Greetings everyone! For all of those who came out to our New and Emerging Legal Infrastructures Conference in April, thank you. We had an extraordinary turnout of lawyers, technologists, and other good folks — and we’re still buzzing over here at headquarters about some of the tremendously exciting cross-disciplinary discussions that emerged during the panels.
In the intervening month of May, the partners over here at Robot, Robot & Hwang have been sifting through a variety of different project ideas and trying to figure out what we’ll be doing as we move into the summer months out here in the Bay Area. In partnership with our collaborator Dazza Greenwood (his corresponding cross-post here) the senior partners have settled on a direction and glad to say we can go public with what we’ve been scheming about.
Glad to announce today that we’re officially looking for funding to pursue the deployment of the Corpbot Project, a flexible, open-source toolkit for developers to easily program autonomous corporations.
What is an autonomous corporation you might ask? We’ve been thinking for some time it’d be amazing to develop and deploy real legal entities that can be programmed to execute legal actions on their own without any human involvement. Such a corporation could be designed to self-execute the trading of assets, mergers, the creation of subsidiaries, the bringing lawsuits, and the transfer of funds systematically based on sets of rules or some external stimuli. It’d be amazing to have a community of developers that builds on this tookit, exploring all that can accomplished by floating up these automated legal entities (virtual corporate machines, if you will) and seeing what happens when development on these entities is made widely accessible. This would be a true kind of hacking on legal code: experimenting with various programs that actually influence the behavior of the legal system.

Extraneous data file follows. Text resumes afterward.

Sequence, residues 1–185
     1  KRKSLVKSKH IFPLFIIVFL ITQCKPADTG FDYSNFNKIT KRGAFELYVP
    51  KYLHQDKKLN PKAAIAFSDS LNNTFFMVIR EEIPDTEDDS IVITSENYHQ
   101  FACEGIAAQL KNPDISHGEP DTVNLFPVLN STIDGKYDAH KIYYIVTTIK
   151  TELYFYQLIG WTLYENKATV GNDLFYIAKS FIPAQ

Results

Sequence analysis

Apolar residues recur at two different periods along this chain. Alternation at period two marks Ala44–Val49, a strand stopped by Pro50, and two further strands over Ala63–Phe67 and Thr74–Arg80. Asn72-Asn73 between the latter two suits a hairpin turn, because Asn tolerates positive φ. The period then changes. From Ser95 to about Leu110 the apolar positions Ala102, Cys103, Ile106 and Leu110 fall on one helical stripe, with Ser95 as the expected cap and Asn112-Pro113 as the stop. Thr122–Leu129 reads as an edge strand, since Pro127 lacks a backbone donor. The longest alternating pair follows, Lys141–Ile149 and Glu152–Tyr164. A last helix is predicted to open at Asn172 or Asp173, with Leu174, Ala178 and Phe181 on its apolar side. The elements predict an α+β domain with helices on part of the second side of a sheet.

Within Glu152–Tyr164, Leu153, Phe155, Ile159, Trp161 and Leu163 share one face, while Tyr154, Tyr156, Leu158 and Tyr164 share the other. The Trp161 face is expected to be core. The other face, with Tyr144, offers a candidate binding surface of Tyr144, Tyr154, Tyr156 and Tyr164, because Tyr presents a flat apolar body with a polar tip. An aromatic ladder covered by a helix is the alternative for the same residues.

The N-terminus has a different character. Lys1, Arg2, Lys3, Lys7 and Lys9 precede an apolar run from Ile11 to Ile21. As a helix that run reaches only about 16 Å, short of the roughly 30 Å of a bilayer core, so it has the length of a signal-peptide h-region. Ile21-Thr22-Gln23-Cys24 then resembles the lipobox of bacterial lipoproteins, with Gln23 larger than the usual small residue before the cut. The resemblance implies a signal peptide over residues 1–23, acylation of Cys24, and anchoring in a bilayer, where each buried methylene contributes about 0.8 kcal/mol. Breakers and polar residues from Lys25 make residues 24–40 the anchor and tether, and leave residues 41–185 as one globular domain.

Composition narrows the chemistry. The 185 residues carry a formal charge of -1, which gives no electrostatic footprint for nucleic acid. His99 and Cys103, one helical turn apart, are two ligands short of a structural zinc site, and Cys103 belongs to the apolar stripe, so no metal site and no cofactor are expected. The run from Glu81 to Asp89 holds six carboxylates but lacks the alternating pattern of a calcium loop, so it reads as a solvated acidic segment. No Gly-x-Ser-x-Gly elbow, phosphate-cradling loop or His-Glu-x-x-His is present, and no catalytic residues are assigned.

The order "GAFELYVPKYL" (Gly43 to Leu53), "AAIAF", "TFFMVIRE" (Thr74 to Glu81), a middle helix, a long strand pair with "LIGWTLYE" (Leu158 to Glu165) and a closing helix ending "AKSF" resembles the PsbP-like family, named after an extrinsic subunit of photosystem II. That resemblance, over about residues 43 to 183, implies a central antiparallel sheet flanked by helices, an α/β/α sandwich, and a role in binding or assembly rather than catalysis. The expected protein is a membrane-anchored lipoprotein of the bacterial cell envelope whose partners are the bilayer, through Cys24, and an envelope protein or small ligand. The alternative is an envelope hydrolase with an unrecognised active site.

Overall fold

In short, the plan is to bring corporate personhood another step up through technology. The vision is that these corporations could serve a role as actors in a real marketplace, as well as opening up interesting experiments in the space for the management of a whole variety of assets both real and virtual.
So how are we pulling this off? Our initial proposed proof of concept this summer is a project to boot up a small network of autonomous corporations that will manage a formal legal transaction of some asset. Some simple object, then, like a chair or a piece of land, could be rapidly traded among these corporations, changing formal ownership of the object every few minutes. Given the “permissions” given to various individuals, this could make access to that object unpredictably tortious or legal once sold to the network of corporations. Best of all, these corporations could be set to eliminate access to their own servers after a period of time by randomly changing their own passwords, making it difficult to intervene in the action of these legal automatons without completely unplugging the machine driving them (tougher when that machine is in the cloud, too).
We think that’d be pretty neat and opens some fun possibilities. If all goes according to plan, we’ll be showing off this technology at an event in September where we release the code to play around with this stuff.
Robot, Robot & Hwang is fronting some of the cost of bringing on a developer, but we’re looking for an institutional partner to join us to help fund the rest of the development of this project full-time. You can read the full one-pager proposal here on the details (in handy dandy PDF form). If you know of someone who might be into supporting this, or want to help out in some way, definitely drop us a line at email@example.com. To stay in the loop with the project generally, drop us a line and get subscribed at our contact page for updates!
(image courtesy sketcheth)